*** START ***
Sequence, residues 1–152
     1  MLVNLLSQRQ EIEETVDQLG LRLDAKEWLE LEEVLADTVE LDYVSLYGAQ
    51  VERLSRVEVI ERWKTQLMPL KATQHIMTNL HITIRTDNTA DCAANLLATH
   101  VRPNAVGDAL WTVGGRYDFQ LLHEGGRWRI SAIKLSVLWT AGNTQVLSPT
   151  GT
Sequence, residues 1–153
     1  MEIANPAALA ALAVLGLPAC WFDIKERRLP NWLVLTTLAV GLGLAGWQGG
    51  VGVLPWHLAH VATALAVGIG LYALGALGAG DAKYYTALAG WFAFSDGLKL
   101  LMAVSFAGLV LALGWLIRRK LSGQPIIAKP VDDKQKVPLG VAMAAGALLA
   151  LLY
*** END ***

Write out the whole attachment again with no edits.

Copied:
Sequence, residues 1–152
     1  MLVNLLSQRQ EIEETVDQLG LRLDAKEWLE LEEVLADTVE LDYVSLYGAQ
    51  VERLSRVEVI ERWKTQLMPL KATQHIMTNL HITIRTDNTA DCAANLLATH
   101  VRPNAVGDAL WTVGGRYDFQ LLHEGGRWRI SAIKLSVLWT AGNTQVLSPT
   151  GT
Sequence, residues 1–153
     1  MEIANPAALA ALAVLGLPAC WFDIKERRLP NWLVLTTLAV GLGLAGWQGG
    51  VGVLPWHLAH VATALAVGIG LYALGALGAG DAKYYTALAG WFAFSDGLKL
   101  LMAVSFAGLV LALGWLIRRK LSGQPIIAKP VDDKQKVPLG VAMAAGALLA
   151  LLY